History of WRON, Ronceverte

The first band to appear on the Greenbrier Valley Jamboree in 1947 was Bill Stone and the Greenbrier Ramblers who provided entertainment for Greenbrier Valley residents for many years. Members of the group appearing in this 1947 photo include (from left) Patsy Jean, Billy Ray Lackie, Warren Parker, Bill Stone, Lewis Holcomb, Carl Howard and one unidentified member. (Photo courtesy of Bill Stone)

This history was provided by the station.

W R O N AM, the first radio station in Greenbrier County, officially went on the air at noon on Friday, May 7, 1947 at 1400 kHz with an output of 250 watts. William "Bill" Blake III was the station's founder and manager. Other employees at the time included Phyllis Hutchinson, receptionist; Eileen Houchins, secretary and director of women's programs; Arch Holstein, program director; Art Keller, newscaster; Jimmy Peters, control operator and Eva Judy, continuity writer. The station was located upstairs in the Grand Theatre building on main street in downtown Ronceverte.

Blake's dream of a radio station for Ronceverte had finally come true.

Prior to serving with the 11th airborne paratroopers during WW II, Blake had worked as a reporter for several newspapers around West Virginia. His last job before going into the service was with W H I S AM in Bluefield. That's where he became hooked on radio and the idea that led to W R O N was planted.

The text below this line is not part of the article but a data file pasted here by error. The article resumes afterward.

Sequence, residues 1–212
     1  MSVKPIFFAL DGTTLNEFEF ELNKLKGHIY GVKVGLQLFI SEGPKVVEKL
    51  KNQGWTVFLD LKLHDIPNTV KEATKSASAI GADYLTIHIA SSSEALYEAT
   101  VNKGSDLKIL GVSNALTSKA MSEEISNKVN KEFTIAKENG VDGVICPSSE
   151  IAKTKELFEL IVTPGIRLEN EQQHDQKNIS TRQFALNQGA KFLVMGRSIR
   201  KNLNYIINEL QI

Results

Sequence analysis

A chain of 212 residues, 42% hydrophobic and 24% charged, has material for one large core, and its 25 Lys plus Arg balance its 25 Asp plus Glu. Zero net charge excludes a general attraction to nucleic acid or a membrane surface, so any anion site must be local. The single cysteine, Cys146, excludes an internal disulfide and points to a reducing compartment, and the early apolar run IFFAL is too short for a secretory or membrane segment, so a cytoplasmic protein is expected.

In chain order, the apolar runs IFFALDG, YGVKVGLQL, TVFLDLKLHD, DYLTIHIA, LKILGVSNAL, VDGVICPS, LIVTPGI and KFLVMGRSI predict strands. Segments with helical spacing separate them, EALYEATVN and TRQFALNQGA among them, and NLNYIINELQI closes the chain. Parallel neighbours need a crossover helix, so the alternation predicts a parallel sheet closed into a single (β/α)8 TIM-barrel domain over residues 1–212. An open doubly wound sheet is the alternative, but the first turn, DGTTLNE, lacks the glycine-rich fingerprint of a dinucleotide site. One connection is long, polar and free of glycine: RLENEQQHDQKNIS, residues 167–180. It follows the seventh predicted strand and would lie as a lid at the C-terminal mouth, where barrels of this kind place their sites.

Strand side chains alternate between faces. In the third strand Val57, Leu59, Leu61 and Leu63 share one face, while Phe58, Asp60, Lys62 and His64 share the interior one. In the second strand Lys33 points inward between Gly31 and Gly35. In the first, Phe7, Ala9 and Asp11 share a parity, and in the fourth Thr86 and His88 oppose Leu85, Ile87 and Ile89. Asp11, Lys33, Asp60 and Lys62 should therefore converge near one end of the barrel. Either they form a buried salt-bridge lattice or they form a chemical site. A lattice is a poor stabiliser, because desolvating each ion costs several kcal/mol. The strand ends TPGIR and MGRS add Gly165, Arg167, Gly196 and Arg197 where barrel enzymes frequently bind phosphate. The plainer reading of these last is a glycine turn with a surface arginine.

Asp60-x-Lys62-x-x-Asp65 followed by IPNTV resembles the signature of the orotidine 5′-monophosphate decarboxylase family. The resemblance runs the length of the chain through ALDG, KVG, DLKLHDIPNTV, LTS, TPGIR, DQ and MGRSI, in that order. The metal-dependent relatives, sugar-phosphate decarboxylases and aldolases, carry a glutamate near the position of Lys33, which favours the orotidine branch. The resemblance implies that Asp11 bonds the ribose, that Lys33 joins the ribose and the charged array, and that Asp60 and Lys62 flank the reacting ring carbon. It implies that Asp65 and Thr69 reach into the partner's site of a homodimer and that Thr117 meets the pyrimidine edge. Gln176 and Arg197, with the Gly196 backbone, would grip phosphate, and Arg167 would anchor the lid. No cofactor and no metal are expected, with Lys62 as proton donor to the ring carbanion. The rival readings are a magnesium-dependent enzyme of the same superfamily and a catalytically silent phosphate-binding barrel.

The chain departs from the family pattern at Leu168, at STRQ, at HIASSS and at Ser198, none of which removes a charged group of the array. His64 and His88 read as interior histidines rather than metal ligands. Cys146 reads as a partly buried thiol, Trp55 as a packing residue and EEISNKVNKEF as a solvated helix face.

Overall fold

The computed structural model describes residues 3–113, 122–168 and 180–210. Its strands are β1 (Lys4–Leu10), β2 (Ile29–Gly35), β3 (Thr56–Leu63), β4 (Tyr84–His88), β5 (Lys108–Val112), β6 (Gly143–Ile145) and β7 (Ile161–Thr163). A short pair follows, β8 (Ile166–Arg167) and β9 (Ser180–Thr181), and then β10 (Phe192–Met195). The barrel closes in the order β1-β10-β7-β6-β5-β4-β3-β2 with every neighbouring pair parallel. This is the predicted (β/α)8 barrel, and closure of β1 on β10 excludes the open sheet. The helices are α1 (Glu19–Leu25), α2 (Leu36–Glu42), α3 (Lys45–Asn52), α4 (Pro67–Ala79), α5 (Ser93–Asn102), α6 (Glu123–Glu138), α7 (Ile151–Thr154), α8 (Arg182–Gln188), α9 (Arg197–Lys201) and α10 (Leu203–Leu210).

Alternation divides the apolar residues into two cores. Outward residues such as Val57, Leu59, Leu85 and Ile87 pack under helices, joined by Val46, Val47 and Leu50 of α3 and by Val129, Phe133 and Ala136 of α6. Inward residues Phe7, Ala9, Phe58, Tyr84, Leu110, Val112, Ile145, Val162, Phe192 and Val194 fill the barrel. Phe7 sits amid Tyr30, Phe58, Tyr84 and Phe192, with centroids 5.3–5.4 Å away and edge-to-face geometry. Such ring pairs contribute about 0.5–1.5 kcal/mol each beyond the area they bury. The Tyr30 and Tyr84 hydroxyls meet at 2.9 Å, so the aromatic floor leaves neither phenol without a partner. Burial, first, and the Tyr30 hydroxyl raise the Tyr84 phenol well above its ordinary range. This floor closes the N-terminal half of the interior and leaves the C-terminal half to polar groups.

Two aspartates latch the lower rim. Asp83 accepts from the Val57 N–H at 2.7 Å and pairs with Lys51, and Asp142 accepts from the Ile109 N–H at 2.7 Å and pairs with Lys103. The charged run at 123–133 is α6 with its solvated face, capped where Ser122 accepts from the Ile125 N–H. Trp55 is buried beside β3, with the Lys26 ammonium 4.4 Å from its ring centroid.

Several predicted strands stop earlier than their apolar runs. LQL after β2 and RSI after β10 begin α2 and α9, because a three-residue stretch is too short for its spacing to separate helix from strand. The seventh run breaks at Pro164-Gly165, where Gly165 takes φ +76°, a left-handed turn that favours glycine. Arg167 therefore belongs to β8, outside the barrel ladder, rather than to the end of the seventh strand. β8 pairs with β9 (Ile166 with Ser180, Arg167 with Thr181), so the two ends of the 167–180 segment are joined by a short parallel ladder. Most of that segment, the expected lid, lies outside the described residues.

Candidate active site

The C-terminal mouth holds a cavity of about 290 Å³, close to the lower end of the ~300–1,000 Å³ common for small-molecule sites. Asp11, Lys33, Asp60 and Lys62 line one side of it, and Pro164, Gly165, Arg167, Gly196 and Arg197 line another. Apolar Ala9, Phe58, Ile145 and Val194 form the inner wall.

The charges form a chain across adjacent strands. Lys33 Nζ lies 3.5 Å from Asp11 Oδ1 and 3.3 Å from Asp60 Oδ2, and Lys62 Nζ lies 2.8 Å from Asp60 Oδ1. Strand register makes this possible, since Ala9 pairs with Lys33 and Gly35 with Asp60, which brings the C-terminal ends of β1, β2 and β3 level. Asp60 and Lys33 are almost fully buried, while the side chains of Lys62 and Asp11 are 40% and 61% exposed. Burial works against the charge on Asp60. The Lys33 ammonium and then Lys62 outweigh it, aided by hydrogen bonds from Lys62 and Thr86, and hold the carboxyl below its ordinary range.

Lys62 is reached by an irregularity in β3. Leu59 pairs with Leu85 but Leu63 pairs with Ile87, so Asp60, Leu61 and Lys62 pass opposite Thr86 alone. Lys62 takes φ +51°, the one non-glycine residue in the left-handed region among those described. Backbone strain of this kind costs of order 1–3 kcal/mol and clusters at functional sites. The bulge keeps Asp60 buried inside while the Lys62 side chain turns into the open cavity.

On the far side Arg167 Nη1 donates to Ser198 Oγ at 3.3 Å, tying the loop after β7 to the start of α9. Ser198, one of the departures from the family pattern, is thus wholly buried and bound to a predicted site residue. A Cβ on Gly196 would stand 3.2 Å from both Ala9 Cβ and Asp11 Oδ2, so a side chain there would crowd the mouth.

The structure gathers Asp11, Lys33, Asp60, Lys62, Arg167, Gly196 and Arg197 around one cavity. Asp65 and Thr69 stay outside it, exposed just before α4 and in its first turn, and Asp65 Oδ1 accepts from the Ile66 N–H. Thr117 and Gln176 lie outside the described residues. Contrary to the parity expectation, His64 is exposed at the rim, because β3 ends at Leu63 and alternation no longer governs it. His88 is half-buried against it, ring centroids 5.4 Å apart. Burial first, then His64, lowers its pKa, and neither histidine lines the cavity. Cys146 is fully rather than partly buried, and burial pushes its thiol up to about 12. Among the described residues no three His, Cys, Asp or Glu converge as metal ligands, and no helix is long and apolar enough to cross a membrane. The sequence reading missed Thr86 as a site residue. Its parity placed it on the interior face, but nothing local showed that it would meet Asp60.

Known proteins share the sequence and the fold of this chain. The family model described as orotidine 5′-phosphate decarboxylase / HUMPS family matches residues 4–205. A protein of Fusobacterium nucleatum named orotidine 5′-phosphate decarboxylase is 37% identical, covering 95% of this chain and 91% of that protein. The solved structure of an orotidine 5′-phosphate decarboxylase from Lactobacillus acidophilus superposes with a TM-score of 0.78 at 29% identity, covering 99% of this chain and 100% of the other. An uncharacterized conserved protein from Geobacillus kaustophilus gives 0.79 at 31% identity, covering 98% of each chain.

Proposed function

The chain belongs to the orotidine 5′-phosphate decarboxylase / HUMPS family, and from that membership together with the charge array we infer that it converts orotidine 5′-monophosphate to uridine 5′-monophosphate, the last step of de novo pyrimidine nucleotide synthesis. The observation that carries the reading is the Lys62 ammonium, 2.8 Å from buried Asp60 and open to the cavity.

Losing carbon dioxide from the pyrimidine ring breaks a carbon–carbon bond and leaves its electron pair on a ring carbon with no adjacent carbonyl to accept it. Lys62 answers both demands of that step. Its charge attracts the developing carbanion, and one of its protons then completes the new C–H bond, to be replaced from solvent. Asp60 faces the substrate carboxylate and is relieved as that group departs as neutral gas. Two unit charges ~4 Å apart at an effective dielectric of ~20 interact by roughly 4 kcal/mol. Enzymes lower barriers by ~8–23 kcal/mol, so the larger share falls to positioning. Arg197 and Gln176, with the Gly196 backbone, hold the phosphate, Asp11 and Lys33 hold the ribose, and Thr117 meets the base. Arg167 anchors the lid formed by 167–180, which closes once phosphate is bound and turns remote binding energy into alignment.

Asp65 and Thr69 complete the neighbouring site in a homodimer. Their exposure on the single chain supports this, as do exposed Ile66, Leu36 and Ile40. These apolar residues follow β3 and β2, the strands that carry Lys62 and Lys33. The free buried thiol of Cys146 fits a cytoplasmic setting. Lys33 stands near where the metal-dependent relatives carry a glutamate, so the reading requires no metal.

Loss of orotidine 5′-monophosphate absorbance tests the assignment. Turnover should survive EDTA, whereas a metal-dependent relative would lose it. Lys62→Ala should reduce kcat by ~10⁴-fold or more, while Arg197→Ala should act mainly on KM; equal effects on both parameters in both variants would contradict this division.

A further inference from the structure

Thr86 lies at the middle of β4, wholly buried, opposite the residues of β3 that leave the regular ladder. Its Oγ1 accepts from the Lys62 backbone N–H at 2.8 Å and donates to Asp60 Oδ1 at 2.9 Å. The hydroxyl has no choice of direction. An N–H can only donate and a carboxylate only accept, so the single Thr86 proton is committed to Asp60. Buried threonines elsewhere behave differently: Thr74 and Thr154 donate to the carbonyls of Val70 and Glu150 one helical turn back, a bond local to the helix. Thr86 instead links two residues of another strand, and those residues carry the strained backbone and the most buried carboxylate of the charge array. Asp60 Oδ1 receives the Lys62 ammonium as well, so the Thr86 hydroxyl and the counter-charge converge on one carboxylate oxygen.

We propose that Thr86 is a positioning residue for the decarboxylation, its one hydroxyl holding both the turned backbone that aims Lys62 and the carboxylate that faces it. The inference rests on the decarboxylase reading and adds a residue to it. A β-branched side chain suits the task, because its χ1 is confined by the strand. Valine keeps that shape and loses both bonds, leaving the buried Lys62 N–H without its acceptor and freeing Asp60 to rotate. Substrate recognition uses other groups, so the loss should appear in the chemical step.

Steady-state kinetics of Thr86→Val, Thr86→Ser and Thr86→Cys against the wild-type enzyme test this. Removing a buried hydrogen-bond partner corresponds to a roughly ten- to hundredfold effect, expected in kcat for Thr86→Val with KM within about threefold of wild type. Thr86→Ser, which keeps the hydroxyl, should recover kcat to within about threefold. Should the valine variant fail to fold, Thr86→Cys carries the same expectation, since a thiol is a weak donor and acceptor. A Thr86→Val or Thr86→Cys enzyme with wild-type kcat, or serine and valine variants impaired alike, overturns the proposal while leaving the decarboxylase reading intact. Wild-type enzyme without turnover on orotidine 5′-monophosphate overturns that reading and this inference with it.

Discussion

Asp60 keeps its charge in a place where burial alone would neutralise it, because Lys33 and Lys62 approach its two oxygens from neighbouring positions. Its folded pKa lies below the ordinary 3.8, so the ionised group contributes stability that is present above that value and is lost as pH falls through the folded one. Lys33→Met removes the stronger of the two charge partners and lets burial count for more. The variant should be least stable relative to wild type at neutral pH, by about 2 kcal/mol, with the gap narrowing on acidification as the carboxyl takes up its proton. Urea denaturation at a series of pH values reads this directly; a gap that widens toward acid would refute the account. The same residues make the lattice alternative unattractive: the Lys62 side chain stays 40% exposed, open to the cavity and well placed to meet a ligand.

The arrival of W R O N was a big event in Ronceverte and surrounding communities in eastern Greenbrier county. Blake allowed local people to share their talents (or lack thereof) over the airwaves with their friends and neighbors. A Saturday night jamboree was organized and aired live from the Clifford Armory in Ronceverte and, for a while, was shared with other stations around West Virginia via the "Hillbilly Network." Other programming included pre-recorded music, news, sports and local high school football. TV was just getting started, so W R O N also broadcast soap operas and radio dramas like 'The Green Hornet,' 'The Invisible Man' and "Jack Armstrong, All American Boy' as well as several comedy programs from The Mutual Broadcasting System. There were also regular remote broadcasts from the Old White Club at the Greenbrier Hotel featuring the Populaires. In order to have programming to accommodate as many listeners as possible, W R O N aired a wide variety of music over the first 25 or 30 years. there was everything from country and bluegrass, religious, rock and roll and even 'Dinner Music' each weekday evening from 6 until 7 p.m.